…After having the abnormal cells surgically removed, Margaret took medication to suppress her estrogen production in hopes of decreasing her breast cancer risk. But in 2016, her fears were realized. A mammogram showed she had suspicious calcifications in her right breast. Further testing revealed Margaret had breast cancer. …Margaret made an appointment with the Breast Diagnostic Clinic at Mayo Clinic’s Rochester campus. There she met with general surgeon Amy Degnim, M.D., and plastic surgeon Valerie Lemaine, M.D., in January 2017. “Both are outstanding in their field. The level of caring was unlike the other medical centers I’d been in,” Margaret says. “I liked that both Dr. Lemaine and Dr. Degnim treated me as a partner in my treatment. They didn’t tell me what to do. They told me what my options were.”
Reach: The HuffPost attracts more than 22.9 million unique monthly visitors each month.
Context: Valerie Lemaine, M.D., M.P.H. is a Mayo Clinic plastic surgeon. Her clinical research evaluates how to reduce preventable complications following breast reconstructive surgery. Amy Degnim, M.D. is with Mayo Clinic's Breast Diagnostic Clinic and is a general surgeon. Dr. Degnim's research focuses on improving the ability to predict breast cancer risk for individual women by studying breast tissue for very early signs of premalignant change.
Contacts: Joe Dangor, Sharon Theimer
Mayo hires new chief financial officer
By Brett Boese
Mayo Clinic announced Thursday it has hired Dennis Dahlen as its new chief financial officer. He will replace Kedrick Adkins Jr., who is retiring after almost four years in that role at Mayo and a 40-year career in health care. Dahlen spent the last 11 years as Banner Health's senior vice president of finance and chief financial officer. Banner Health is located in Phoenix, Ariz.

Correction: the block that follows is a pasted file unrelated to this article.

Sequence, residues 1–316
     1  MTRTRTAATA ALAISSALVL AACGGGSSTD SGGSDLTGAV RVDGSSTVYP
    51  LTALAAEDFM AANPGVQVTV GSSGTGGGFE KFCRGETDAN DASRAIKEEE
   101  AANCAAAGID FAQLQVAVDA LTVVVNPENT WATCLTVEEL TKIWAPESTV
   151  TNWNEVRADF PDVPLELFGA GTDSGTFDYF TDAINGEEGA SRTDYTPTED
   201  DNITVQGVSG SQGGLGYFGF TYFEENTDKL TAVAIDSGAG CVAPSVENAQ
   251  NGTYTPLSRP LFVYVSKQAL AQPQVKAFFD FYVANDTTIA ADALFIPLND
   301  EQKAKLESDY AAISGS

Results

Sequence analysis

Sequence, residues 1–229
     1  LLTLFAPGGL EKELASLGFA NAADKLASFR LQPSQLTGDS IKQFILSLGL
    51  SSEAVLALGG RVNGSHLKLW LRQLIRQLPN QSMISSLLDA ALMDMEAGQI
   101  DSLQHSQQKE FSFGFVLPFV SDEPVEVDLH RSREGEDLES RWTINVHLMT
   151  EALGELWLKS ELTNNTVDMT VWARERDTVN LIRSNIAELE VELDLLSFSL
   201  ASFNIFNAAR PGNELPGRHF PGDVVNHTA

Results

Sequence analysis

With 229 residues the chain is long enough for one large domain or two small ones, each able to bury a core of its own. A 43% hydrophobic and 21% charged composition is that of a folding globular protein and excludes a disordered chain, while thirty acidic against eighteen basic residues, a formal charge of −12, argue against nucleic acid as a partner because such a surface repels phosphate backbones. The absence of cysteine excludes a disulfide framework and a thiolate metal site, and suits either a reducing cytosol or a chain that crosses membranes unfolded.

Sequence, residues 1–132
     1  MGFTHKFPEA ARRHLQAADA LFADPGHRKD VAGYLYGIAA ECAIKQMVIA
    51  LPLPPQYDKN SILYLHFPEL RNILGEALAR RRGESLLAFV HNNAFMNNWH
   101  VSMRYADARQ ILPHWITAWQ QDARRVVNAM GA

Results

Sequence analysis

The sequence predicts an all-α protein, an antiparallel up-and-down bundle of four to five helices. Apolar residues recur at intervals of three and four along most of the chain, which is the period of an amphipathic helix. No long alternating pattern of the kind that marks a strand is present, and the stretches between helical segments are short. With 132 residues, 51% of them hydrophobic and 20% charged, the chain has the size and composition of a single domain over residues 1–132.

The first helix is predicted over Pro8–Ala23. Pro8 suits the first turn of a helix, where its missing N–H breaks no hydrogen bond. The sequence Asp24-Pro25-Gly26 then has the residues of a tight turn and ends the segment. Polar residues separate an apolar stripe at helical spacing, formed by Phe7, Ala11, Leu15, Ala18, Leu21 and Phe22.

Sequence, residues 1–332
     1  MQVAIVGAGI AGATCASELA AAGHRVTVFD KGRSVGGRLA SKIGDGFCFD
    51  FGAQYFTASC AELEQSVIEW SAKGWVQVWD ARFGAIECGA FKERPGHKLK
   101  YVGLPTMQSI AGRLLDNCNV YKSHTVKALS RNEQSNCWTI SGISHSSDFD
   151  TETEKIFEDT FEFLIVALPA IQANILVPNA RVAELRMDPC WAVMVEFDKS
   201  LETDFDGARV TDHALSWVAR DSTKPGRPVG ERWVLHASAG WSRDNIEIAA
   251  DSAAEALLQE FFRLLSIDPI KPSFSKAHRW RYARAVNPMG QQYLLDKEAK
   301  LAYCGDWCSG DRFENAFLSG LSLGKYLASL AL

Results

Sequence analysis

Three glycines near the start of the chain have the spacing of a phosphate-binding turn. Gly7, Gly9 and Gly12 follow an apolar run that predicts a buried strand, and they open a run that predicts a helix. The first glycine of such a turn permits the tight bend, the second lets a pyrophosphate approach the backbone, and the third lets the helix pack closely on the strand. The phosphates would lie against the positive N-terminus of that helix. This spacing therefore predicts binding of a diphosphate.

Reach: The Post-Bulletin has a daily readership of more than 32,000 people and more than 442,000 unique visitors to its website each month. The newspaper serves Rochester, Minn., and Southeast Minnesota.
Additional coverage: Post-Bulletin, KTTC, HealthExec, Becker’s Hospital Review, Minneapolis/St. Paul Business Journal
Context: After an extensive national search, Dennis Dahlen has been named chief financial officer, Mayo Clinic. Dahlen comes to Mayo Clinic from Banner Health, an integrated health care delivery system in Phoenix, where he served 11 years as senior vice president of finance and chief financial officer. He previously served as Banner’s system vice president of finance. “I’m thrilled to join Mayo Clinic, an organization with a 150-year legacy of providing expert care to each patient,” Dahlen says. “As the health care industry faces enormous challenges, I’m confident that Mayo’s capacity for discovery and innovation will provide an excellent platform for success.” More information can be found on Mayo Clinic News Network.
Contact: Susan Barber Lindquist
Doctors spending more time on paperwork than with patients?
Mayo Clinic in Florida CEO Dr. Gianrico Farrugia on what is needed to improve health care in America.
Reach: Fox Business Network is headquartered in News Corporation's studios in midtown Manhattan with bureaus in Chicago, Los Angeles,San Francisco (Silicon Valley), Washington, D.C. and London.
Context: Gianrico Farrugia, M.D. is a Mayo Clinic vice president and CEO of Mayo Clinic's campus in Florida.
Contact: Traci Klein